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Men with Prostate Cancer more Likely to Die from Other Causes

Update Date: Jul 26, 2012 01:31 PM EDT
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According to a team of Harvard researchers, men diagnosed with prostate cancer are less likely to die from the disease than from largely preventable conditions such as heart disease.

The study was published on July 25, 2012 in the Advance Access online Journal of the National Cancer Institute.

This is the largest study to focus on causes of death among men with prostate cancer, and suggests that encouraging healthy lifestyle changes should play an important role in prostate cancer management. The researchers examined causes of death among prostate cancer cases recorded for 490,000 U.S. men from 1973 to 2008 over 210,000 Swedish men from 1961 to 2008.

First author Mara Epstein said the results are relevant for several million men living with prostate cancer in the United States.

"We hope this study will encourage physicians to use a prostate cancer diagnosis as a teachable moment to encourage a healthier lifestyle, which could improve the overall health of men with prostate cancer, increasing both the duration and quality of their life," Epstein said.

Researchers found that during the study period, prostate cancer accounted for 52 percent of all reported deaths in Sweden and 30 percent of reported deaths in the United States among men with prostate cancer, but only 35 percent of Swedish men and 16 percent of U.S. men diagnosed with prostate cancer died from this disease.

In both populations, the risk of prostate cancer-specific death declined, while the risk of death from heart disease and non-prostate cancer remained constant..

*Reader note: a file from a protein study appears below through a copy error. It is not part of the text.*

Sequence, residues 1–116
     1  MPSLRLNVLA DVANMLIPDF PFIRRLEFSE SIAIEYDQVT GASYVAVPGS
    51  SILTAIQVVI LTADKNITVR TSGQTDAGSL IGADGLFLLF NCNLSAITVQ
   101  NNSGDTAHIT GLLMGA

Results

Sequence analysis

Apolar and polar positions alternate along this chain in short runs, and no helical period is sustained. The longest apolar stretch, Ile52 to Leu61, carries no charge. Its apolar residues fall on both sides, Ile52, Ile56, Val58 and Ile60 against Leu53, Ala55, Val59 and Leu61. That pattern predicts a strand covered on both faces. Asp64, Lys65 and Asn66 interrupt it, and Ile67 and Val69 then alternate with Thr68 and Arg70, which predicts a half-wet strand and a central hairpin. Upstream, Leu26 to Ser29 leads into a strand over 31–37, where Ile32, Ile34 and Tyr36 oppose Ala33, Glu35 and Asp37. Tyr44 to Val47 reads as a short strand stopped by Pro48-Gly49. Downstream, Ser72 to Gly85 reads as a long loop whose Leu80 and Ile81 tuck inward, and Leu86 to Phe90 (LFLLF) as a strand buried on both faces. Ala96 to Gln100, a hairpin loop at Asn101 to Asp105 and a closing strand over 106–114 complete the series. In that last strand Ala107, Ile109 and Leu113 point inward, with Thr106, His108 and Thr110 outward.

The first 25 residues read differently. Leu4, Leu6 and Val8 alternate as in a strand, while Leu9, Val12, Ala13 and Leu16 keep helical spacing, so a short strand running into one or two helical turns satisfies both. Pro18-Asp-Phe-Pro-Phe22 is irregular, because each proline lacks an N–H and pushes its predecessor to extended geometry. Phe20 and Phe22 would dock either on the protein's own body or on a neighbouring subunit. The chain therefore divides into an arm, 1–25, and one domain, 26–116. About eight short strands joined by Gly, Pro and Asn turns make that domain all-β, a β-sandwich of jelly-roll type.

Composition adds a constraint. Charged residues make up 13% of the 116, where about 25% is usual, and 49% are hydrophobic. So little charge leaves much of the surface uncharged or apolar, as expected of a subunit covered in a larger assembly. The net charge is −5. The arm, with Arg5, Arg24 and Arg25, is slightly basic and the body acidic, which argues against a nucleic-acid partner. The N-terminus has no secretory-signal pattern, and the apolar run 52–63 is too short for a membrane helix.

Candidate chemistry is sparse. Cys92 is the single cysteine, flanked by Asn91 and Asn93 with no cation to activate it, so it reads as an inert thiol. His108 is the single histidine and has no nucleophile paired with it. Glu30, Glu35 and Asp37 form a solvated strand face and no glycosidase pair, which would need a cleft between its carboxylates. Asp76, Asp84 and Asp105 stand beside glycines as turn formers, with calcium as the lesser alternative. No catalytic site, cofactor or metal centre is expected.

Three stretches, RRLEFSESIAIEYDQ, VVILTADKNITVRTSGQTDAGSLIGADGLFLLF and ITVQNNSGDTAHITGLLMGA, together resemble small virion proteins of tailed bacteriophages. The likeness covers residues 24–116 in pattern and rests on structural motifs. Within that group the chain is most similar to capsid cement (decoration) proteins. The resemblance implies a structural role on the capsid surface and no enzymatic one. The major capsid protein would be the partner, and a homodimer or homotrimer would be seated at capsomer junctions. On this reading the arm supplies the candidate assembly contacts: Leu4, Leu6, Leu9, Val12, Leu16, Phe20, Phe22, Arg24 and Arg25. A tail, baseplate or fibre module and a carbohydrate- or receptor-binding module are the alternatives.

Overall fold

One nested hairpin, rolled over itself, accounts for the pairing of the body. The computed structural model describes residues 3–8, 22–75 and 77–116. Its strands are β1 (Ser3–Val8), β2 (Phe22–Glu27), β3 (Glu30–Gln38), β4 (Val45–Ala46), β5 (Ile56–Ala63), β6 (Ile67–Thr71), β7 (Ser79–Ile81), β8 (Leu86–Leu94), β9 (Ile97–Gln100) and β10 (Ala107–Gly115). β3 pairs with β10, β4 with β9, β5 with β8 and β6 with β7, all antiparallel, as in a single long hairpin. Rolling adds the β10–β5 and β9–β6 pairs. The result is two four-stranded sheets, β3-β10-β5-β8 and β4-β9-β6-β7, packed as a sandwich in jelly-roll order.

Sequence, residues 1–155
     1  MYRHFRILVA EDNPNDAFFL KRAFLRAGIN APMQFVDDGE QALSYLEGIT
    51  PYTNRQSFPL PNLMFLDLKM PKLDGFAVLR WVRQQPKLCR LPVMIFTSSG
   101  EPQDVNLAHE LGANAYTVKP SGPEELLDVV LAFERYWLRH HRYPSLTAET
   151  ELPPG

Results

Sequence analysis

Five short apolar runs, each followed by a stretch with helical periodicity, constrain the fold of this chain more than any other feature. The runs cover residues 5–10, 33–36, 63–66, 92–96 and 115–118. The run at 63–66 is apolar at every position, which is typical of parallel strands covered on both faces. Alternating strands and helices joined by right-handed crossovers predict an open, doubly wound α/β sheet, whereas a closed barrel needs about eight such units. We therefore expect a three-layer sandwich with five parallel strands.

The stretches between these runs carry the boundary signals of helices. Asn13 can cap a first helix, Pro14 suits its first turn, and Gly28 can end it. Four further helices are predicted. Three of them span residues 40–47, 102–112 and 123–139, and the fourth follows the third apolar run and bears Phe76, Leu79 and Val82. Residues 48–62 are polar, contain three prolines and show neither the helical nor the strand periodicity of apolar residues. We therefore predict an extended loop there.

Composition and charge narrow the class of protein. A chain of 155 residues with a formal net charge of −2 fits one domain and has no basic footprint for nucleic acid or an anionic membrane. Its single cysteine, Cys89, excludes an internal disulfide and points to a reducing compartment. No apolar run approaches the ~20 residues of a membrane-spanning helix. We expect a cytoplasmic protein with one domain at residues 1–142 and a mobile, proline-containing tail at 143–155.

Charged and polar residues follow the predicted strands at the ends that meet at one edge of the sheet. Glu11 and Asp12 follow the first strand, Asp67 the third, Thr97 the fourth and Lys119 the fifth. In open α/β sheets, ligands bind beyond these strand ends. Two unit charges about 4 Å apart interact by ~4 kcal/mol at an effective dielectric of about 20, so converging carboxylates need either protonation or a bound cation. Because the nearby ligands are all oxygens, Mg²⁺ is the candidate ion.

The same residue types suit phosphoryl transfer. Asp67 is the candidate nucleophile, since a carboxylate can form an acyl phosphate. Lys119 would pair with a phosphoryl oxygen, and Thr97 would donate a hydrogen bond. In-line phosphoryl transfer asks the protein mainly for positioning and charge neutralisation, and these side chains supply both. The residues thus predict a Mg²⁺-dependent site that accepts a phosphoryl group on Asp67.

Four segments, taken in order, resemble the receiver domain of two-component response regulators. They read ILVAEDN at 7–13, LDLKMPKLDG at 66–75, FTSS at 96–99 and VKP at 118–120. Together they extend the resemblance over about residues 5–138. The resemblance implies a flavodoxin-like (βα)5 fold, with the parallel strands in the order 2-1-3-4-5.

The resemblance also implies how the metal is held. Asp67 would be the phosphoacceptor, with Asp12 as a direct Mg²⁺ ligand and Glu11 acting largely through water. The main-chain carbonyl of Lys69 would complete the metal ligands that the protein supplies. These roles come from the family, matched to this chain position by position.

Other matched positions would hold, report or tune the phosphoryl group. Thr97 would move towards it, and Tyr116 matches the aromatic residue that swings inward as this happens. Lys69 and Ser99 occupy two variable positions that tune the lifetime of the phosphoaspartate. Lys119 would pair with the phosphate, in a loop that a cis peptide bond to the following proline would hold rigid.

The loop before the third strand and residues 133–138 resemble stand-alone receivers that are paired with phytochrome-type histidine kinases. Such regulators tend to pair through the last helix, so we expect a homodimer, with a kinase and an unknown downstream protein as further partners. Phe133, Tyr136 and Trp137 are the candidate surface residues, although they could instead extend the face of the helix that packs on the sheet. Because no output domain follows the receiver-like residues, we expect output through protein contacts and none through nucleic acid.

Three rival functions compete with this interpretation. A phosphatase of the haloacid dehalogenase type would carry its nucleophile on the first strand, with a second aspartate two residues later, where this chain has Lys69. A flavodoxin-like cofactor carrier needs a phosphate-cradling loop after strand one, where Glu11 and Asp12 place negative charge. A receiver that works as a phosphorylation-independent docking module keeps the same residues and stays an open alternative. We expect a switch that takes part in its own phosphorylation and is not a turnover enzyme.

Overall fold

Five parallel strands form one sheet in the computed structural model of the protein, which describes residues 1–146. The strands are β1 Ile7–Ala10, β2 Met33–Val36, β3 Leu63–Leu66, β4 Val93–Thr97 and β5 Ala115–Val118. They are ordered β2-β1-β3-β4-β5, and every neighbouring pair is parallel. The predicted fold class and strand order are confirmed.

Prostate cancer is the most frequently diagnosed form of cancer, affecting one in six men during their lifetime. But, the likelihood that a newly diagnosed man in the U.S. and other western countries will die from the disease has declined. The researchers attribute this to the widespread use of the prostate-specific antigen (PSA) test, which has resulted in a higher proportion of men diagnosed with lower-risk forms of the disease.

"Our study shows that lifestyle changes such as losing weight, increasing physical activity, and quitting smoking, may indeed have a greater impact on patients' survival than the treatment they receive for their prostate cancer," said senior author Hans-Olov Adami, professor of epidemiology at HSPH.

Prostate cancer is the most common cause of death from cancer in men over age 75. Prostate cancer is rarely found in men younger than 40. People who are at higher risk include African-American men, who are also likely to develop cancer at every age, men who are older than 60, men who have a father or brother with prostate cancer and men who use too much alcohol. 

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